President Trump’s tariffs on Chinese solar panels are dividing the solar industry and causing activists to go crazy, but it’s a good thing.
Environmentalist activists and others mentally allergic to the name Donald Trump are flipping out over a new tariff on imported solar panels. This move has fractured the solar industry, showing us the two different faces of the solar movement, if you want to call it that.
Last week, President Trump imposed a 30% tariff on China-made solar panels. Environmental groups began kicking and screaming, claiming the President was in bed with fossil fuel companies and this was going to kill 23,000 jobs. Michael Bloomberg, the billionaire former mayor of New York, tweeted that the tariffs would “raise Americans’ electric bills and hurt our environment.” You might have thought he had just ordered The Purge. Even some Libertarians were up in arms, suggesting we are embarking on a trade war with China. This is, of course, the only real logical stance against this tariff, but I’m still not buying it.
This tariff is designed to reduce the amount of super cheap panels coming into the US. It came about, to begin with, when solar panel manufacturers Suniva and SolarWorld filed Section 201 the Trade Act of 1974 petitions at the International Trade Commission (ITC) claiming the imports caused “ substantial cause of series injury.” The ITC agreed. Largely due to a surge in imports of lower-priced solar panels, 25 U.S. solar panel manufacturers have gone out of business since 2012. Suniva and SolarWorld have since filed for bankruptcy.
I am a believer most tariffs are a waste and rarely do anything good for our economy. Nonetheless, this, in my humble opinion, falls outside of that rule for two main reasons.
First, I believe in a fair marketplace. Allowing markets to flourish on their own is the bedrock principle of American capitalism – one of the reasons I have long despised solar subsidies – but I digress. The reason the China panels are so inexpensive isn’t that they have some unknown trade technology savings costs. It is because they have no environmental protections and poor human rights.
For example, the byproduct of polysilicon production, silicon tetrachloride, a highly toxic substance that poses environmental hazards, is being dumped right into the Yellow River. National Geographic wrote about the fears of generic solar manufactures disrupting the market with environmentally-unfriendly panels in 2014.
The decision to place a tariff on Chinese Panels brought mixed reactions from the industry as well. Juergen Stein, CEO, and President of SolarWorld Americas Inc. praised the tariffs in a statement:
“SolarWorld Americas appreciates the hard work of President Trump, the U.S. Trade Representative, and this administration in reaching today’s decision, and the President’s recognition of the importance of solar manufacturing to America’s economic and national security. We are still reviewing these remedies, and are hopeful they will be enough to address the import surge and to rebuild solar manufacturing in the United States.”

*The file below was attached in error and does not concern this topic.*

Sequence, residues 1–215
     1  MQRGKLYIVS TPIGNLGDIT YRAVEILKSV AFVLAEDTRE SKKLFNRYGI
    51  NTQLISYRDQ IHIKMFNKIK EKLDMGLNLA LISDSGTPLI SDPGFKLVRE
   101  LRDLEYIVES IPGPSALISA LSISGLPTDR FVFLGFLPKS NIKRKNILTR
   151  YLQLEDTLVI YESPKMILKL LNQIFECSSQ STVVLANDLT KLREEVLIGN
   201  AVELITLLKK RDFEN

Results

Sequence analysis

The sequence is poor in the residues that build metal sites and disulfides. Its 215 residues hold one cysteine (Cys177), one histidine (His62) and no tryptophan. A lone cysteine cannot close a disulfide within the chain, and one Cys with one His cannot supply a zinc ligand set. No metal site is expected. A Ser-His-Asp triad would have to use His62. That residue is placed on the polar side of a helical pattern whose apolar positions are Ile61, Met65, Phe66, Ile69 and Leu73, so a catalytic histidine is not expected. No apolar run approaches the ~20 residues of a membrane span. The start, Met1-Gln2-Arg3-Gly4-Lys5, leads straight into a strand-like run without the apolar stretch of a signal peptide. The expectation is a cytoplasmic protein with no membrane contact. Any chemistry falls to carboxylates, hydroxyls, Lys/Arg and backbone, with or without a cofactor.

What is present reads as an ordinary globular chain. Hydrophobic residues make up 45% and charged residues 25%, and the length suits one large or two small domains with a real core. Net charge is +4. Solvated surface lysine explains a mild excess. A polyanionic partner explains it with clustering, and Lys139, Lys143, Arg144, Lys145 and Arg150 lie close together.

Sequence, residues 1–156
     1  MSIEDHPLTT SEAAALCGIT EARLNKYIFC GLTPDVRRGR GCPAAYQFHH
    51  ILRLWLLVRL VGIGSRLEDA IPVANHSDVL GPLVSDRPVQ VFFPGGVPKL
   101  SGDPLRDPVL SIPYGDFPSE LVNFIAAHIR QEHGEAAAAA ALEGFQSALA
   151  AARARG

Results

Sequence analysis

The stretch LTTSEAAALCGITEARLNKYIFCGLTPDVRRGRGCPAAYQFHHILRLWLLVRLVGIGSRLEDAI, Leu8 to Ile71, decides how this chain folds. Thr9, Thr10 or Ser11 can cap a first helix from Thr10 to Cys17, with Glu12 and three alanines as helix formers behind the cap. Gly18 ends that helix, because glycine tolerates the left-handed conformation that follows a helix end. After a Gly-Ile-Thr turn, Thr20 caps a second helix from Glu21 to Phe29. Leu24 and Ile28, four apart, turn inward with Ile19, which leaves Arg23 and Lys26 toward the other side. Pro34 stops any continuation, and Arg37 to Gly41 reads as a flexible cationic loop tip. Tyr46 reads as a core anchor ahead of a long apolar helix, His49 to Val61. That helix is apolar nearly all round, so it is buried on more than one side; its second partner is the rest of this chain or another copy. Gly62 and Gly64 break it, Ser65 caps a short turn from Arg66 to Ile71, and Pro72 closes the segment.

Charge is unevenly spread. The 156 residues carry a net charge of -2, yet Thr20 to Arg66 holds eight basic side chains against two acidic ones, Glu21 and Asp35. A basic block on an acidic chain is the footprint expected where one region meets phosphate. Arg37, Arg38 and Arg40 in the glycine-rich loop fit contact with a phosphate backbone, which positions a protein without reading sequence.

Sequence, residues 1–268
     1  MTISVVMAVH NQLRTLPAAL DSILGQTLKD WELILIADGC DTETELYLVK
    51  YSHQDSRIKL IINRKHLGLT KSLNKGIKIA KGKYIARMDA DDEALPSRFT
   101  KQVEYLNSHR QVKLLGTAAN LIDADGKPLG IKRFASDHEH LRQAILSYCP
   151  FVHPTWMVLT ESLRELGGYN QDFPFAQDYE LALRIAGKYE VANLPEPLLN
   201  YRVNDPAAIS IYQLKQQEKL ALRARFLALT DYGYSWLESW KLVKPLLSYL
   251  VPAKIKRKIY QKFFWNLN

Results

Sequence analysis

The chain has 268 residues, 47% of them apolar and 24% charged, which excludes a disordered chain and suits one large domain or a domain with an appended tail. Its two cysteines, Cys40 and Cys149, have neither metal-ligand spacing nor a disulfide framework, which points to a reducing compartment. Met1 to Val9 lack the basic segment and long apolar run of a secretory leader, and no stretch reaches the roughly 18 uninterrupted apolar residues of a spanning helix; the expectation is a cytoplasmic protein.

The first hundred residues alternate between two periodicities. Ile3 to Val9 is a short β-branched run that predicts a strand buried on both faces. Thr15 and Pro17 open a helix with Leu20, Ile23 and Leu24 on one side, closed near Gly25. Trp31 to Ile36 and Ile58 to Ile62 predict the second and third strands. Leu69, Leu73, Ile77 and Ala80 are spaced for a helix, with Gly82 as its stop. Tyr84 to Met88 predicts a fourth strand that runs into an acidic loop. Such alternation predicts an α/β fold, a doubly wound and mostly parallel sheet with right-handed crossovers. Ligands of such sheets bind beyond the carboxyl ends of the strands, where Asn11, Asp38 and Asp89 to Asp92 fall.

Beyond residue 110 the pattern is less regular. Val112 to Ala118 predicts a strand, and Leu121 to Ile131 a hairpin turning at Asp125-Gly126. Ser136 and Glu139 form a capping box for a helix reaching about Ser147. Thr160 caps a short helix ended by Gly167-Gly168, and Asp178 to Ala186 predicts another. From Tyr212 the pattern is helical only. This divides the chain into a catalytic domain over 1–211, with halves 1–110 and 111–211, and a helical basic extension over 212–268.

And, consider these remarks from Geoff Mirkin, the CEO of Solar Energy World, not to be confused with Solar World (no wonder the industry is having a hard time – they can’t even trademark well):
“The fear of the tariff has actually caused more damage to the industry than the tariff itself, Our industry will survive. It always does. Our company will not be affected negatively because we knew this would be coming and were prepared”
Contrarily, Abigail Ross Hopper, President and CEO of the Solar Energy Industries Association said this:
“While tariffs, in this case, will not create adequate cell or module manufacturing to meet U.S. demand, or keep foreign-owned Suniva and SolarWorld afloat, they will create a crisis in a part of our economy that has been thriving, which will ultimately cost tens of thousands of hard-working, blue-collar Americans their jobs.”
The 30% tariff is not permanent, by the way. It’s due to drop 5% each year ending at 15% and the first 2.5 gigawatts are exempt. Hypothetically, the solar market should be recognizing there will be a need for increased domestic manufacturing and spring into action. Capitalism would, ordinarily, produce the innovation required to satisfy the market demand but, as we all know, solar is not just any other market. The number of subsidies the market already depends upon, keeps it artificially afloat. According to the Reason Foundation:
“It is true that the Chinese solar panel manufacturers have received lots of subsidies, so too has the U.S. industry. Overall the U.S. solar power industry has benefited from tens of billions of dollars in subsidies, loan guarantees, tax credits, and state renewable portfolio standards that require utilities to sell a specified percentage or amount of renewable electricity to its customers.”
My bet is those who are pleased with this tariff decision are hoping additional ratepayer and taxpayer money will be thrown thrown their way for domestic manufacturing – further increasing their reliance on government interventionism. Those opposed, by contrast, are worried the added costs of panels will make them less able to exploit government subsidies. This is what I mean by the two faces of the movement. Both, however, are feasting their eyes on subsidies.
When all has been said and done, though, it is a just a bunch of hubbub for a technology that represents but 6% of the 10% of our current energy consumption attributable to renewables.